Intravaginal cytomegalovirus (CMV) challenge elicits maternal viremia and results in congenital transmission in a guinea pig model

Megan J Olejniczak, K. Yeon Choi, Michael A. McVoy, Xiaohong Cui, Mark R Schleiss

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Background: The objective of this study was to compare intravaginal (ivg) and subcutaneous (sc) administration of the guinea pig cytomegalovirus (GPCMV) in pregnant and non-pregnant guinea pigs. These studies tested the hypotheses that ivg infection would elicit immune responses, produce maternal viremia, and lead to vertical transmission, with an efficiency similar to the traditionally employed sc route. Results: Four groups of age- and size-matched guinea pigs were studied. Two groups were pregnant, and two groups were not pregnant. Animals received 5x105 plaque-forming units (PFU) of a GPCMV reconstituted from an infectious bacterial artificial chromosome (BAC) construct containing the full-length GPCMV genome. Seroconversion was compared by IgG ELISA, and viremia (DNAemia) was monitored by PCR. In both pregnant and non-pregnant animals, sc inoculation resulted in significantly higher serum ELISA titers than ivg inoculation at 8 and 12 weeks post-infection. Patterns of viremia (DNAemia) were similar in animals inoculated by either sc or ivg route. However, in pregnant guinea pigs, animals inoculated by both routes experienced an earlier onset of DNAemia than did non-pregnant animals. Neither the percentage of dead pups nor the percentage of GPCMV positive placentas differed by inoculation route. Conclusions: In the guinea pig model of congenital CMV infection, the ivg route is as efficient at causing congenital infection as the conventional but non-physiologic sc route. This finding could facilitate future experimental evaluation of vaccines and antiviral interventions in this highly relevant animal model.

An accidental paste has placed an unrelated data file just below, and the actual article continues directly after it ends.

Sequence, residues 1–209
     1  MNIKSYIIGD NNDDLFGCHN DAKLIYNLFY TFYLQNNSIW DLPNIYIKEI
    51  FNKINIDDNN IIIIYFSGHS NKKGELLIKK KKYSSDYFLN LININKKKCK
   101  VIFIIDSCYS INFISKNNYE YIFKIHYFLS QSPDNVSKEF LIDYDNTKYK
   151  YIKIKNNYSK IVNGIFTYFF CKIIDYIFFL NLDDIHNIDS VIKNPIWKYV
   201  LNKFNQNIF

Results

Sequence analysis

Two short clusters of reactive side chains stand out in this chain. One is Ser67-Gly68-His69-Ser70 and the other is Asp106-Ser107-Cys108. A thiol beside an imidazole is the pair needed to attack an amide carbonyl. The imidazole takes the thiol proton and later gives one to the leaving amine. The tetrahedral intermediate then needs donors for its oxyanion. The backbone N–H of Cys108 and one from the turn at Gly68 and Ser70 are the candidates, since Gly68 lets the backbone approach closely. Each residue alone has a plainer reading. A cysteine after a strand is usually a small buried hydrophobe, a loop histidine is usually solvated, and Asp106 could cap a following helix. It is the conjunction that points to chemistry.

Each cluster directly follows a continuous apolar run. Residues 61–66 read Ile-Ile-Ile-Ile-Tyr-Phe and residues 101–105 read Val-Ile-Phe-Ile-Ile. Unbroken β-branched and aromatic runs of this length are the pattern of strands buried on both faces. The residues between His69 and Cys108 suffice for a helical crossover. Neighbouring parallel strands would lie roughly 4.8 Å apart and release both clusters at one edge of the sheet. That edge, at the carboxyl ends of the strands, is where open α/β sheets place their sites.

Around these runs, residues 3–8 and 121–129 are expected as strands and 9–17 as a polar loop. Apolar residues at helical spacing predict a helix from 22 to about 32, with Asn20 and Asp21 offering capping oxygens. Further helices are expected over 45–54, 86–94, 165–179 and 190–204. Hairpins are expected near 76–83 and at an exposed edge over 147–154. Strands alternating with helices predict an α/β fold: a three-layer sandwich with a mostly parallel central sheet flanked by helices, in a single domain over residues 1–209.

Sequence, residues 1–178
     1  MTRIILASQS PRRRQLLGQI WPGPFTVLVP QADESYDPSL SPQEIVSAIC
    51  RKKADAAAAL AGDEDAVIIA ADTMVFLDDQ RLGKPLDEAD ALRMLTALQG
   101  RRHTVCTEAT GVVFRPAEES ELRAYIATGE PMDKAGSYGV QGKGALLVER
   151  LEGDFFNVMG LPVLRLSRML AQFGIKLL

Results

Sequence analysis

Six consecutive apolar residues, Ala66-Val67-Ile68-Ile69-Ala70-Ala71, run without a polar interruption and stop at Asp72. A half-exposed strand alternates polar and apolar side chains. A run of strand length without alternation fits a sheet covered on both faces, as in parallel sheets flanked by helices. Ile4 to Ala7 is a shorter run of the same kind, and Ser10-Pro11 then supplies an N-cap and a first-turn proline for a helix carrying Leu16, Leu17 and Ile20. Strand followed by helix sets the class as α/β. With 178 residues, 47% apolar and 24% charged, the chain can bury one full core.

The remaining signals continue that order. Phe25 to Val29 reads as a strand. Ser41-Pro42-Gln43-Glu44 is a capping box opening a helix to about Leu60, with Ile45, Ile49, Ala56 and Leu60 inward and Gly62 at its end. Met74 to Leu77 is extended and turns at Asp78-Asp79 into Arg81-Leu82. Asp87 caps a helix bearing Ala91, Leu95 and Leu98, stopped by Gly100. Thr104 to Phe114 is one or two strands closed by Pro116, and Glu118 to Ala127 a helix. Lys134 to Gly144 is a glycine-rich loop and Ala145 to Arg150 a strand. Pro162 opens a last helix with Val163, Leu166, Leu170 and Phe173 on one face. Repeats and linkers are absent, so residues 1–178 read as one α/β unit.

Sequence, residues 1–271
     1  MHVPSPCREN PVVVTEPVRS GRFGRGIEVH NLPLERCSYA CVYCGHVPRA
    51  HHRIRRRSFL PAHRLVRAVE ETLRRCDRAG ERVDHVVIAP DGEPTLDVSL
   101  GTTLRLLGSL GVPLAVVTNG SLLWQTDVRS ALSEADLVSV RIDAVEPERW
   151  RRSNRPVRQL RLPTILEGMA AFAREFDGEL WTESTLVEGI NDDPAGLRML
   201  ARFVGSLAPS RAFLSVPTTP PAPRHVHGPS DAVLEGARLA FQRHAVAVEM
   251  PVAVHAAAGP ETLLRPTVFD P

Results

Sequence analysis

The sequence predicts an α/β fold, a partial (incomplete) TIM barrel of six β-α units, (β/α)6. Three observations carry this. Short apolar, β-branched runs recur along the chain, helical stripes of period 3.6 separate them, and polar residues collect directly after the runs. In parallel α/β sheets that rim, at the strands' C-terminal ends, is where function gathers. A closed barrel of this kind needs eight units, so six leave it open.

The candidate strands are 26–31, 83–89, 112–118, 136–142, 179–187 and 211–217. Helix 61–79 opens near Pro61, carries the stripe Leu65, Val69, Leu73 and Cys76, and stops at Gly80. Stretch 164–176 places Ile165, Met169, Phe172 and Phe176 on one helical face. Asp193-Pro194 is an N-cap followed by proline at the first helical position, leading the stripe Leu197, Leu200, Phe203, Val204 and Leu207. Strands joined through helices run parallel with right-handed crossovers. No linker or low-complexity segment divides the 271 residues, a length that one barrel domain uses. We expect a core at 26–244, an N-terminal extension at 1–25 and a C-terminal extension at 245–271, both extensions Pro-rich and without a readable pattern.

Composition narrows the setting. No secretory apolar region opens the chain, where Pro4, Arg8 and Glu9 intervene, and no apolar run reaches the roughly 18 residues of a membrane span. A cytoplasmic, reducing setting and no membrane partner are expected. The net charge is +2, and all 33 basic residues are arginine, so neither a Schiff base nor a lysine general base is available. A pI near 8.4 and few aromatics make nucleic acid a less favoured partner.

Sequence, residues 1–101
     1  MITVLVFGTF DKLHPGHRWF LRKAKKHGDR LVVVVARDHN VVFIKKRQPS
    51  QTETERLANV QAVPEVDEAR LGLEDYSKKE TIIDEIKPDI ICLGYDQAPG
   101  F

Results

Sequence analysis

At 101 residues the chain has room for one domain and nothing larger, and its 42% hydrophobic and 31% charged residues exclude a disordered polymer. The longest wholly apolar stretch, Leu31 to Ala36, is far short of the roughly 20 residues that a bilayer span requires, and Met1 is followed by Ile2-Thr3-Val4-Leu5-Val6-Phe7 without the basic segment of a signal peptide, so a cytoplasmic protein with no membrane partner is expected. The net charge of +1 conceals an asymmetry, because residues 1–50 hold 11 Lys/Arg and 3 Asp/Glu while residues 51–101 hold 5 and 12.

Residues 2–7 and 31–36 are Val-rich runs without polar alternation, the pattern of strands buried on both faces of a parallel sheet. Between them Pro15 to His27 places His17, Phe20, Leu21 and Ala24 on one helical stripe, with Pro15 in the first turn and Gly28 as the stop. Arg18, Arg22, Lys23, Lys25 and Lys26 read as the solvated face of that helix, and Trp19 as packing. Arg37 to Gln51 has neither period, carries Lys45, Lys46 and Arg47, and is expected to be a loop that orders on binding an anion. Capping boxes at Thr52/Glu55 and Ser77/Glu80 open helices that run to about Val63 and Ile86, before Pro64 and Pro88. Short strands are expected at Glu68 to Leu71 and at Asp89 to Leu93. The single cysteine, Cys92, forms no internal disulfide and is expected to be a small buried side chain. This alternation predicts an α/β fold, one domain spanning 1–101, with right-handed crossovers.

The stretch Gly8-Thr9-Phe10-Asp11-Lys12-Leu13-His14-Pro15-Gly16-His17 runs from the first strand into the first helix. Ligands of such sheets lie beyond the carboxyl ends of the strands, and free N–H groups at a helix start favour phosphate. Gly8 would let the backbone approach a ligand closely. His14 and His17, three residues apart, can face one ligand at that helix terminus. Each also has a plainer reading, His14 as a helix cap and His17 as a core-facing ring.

Original languageEnglish (US)
Article number89
JournalVirology journal
StatePublished - 2011

Bibliographical note

Funding Information:
This work was supported by grants R01HD044864, HD038416 and R03AI083919-0109 from the National Institutes of Health, and an Infectious Diseases Society of America summer research fellowship (to MJO).


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